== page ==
By Harry Mottram: It will be 20 years this April since BBC Radio 4’s Today programme led with the strange story of a stranger entering our house and creating confusion, violence and disbelief. The Gulf War had just ended and the media had been saturated with the horrors of the war and I’m sure they saw our quirky story of a man entering our house and falling asleep in our son’s bed while he was at a party as light relief. It wasn’t for us.
It had gone midnight and Linda and I were fast asleep when Giles woke us up. “Dad, why have you let one of your friends sleep in my bed?” Confused, I struggled to understand what he meant. Giles had been to a party in nearby Cheddar and had come home to find a stranger in his bedroom fast asleep. “What do you mean?” I replied, “I wouldn’t let a friend sleep in your bed – I don’t know who it is.” And without further ado we trooped upstairs to find a fully dressed man of about 30 fast asleep on Giles’ bed.
We were dumbfounded. “Who is he?” asked all of us. I shook the man who was on top of the duvet, and he just groaned. Linda said he stank of drink and told me to phone the police as he could be dangerous. It was the oddest 999 call I’ve made. I asked to be put through to the police.
“This may sound odd,” I said, “but there’s a strange man come into our house and we can’t wake him up.” There was the sound of puzzlement on the other end but after giving more details they realised it could be serious and despatched a patrol car. And within minutes they arrived.
A female police officer came up the stairs and looked at the man – she shook him as I had and shouted at him. Nothing. She opened his jacket pocket and took out a wallet and looked at a bank card. “He’s called Mark Norley,” she said, “do you know him?” The name rang a bell. We had been in our house for seven years, but we still sometimes got post for him. Mark Norley was the son of Dymphna Audcent who we’d bought the house from. “Yes,” and I said, “and I know where she lives.”
A second police officer asked what did we want to do – charge him or take him to his mother’s home up the road in Axbridge. Charging him meant a long drive to Bridgwater in the middle of the night – and paperwork – taking him up to his mum’s was the obvious option. But first we needed to wake him. My gentle efforts had failed – and I was concerned he might be a mental health patient who had absently minded forgotten his medication and wandered off into the night. Not so.
The female police office said he was drunk and shook him violently shouting ,”Wake up Mark!” the commotion alerted the rest of the children. Milena was convinced Aunty Kath’s husband Mark from Yorkshire had somehow arrived out of the blue. Ashley was ready to fight the recalcitrant drunk while Lawrence and Giles looked on with concern. Grabbing the intruder by the leg the police officer pulled him off the bed and then down the stairs like a sack of potatoes which finally woke him up. Now out in the front garden and staggering around the drunk began shouting and swearing at the police and at me stating it was his house. The police were having none of it and explained they would arrest him for assault if he took another swing at them – and for good measure pushed him backwards into a rose bush.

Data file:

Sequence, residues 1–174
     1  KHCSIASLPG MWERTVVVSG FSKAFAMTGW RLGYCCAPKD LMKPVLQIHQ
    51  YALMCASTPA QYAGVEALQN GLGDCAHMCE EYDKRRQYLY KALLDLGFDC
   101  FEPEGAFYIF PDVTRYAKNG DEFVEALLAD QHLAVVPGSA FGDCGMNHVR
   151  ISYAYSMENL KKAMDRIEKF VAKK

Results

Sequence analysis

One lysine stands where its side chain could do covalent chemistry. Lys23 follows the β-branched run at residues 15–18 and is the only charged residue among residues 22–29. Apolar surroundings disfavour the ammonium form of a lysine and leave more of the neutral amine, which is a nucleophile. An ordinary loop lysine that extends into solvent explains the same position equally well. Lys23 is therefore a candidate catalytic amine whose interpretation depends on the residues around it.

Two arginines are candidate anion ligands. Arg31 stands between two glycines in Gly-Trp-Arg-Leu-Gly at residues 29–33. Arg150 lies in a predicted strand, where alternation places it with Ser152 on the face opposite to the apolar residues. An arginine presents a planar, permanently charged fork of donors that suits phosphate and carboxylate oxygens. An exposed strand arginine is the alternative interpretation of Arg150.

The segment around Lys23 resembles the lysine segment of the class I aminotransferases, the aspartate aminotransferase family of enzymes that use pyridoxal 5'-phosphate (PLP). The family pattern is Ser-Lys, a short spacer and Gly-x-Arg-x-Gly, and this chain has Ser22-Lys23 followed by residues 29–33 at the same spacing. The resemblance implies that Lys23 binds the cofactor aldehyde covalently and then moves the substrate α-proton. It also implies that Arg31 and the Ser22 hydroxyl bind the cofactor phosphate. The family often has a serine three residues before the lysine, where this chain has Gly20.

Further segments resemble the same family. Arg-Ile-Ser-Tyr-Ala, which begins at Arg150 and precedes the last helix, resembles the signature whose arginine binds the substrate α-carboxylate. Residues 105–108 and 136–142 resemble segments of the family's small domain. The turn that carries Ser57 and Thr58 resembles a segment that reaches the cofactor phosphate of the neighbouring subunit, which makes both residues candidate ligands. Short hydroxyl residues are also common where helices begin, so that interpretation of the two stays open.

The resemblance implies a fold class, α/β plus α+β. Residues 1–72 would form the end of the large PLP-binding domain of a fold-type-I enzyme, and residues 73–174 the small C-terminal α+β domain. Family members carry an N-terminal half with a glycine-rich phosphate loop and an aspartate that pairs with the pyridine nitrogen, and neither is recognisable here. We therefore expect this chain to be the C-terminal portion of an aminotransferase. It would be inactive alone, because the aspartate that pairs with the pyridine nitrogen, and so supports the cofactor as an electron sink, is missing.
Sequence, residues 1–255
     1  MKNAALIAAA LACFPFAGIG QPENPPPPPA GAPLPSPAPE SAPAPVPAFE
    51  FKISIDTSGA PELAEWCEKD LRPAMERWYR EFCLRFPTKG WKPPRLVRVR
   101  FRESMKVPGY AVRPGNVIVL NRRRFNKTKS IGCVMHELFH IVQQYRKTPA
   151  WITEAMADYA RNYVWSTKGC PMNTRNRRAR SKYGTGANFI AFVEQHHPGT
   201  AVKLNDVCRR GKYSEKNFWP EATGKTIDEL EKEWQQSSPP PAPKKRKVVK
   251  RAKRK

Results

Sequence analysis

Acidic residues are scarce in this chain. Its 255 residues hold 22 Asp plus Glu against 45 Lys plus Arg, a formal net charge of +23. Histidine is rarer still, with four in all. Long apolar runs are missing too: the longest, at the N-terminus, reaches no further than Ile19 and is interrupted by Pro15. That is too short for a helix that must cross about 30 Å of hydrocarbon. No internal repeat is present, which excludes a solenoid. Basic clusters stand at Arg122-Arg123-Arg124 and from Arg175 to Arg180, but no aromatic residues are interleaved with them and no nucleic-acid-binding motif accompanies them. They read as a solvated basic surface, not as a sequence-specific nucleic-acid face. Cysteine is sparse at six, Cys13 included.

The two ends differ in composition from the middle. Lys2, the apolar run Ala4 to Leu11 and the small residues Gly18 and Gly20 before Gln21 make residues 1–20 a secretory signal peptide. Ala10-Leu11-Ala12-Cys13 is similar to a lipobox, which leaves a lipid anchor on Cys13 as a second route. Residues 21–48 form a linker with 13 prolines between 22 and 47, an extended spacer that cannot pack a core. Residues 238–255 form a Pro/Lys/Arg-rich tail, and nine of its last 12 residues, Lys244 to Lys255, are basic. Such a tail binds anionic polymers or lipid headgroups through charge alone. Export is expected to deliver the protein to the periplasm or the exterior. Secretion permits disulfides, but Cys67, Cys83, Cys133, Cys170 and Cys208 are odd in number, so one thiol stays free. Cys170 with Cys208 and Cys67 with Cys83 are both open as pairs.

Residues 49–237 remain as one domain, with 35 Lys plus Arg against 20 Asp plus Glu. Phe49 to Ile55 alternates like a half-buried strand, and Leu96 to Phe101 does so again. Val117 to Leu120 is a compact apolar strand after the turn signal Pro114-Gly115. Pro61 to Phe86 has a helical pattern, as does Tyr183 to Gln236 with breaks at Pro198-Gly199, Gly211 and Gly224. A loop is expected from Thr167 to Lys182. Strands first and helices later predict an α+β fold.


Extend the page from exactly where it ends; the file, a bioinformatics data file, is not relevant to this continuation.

The rest of the evening seemed surreal. I in my pyjamas, the drunk in the back seat, and with two members of the constabulary we drove up Mrs Audcent’s house and I rang the bell. Finally, I summoned her and her husband Tony to the door. She must have wondered what was going on since it was 2am. The police explained and said it was up to her to take him in or he would be taken into custody and charged with being drunk and disorderly. But first there was a piece of traditional sobering up to be done. Mark had begun to come round to reality but began to deny any wrongdoing of sleep drunk walking. The police made him walk up and down along a white line in the road to prove he was drunk to Dymphna who doubted her son a researcher at Bristol University was drunk but simply confused. He was drunk was the conclusion and she reluctantly took him in and finally I could return home and the police resume their night shift.
The following day at work as the editor of Beautiful Brides magazine in Bristol I wrote up an amusing account of the incident and sent it to the Western Daily Press who ran the story. It didn’t take long for the phone to start ringing and the account to appear in the national and international press – and for that strange moment when I switched on the radio to hear the first item in a review of the papers on BBC Radio 4’s Today programme to be all about our midnight episode.
They say that drunks can always find their way home – like homing pigeons – but I ‘m not so sure. It was a case of Goldilocks and the Three Bears except we were not a family of woodland bears and Goldilocks was a drunk who forgot where he now lived. Mrs Audcent summed it by saying of her son: “He’s a research scientist and a doctor so he should know better.”
The moral of the story is to lock your back door at night.
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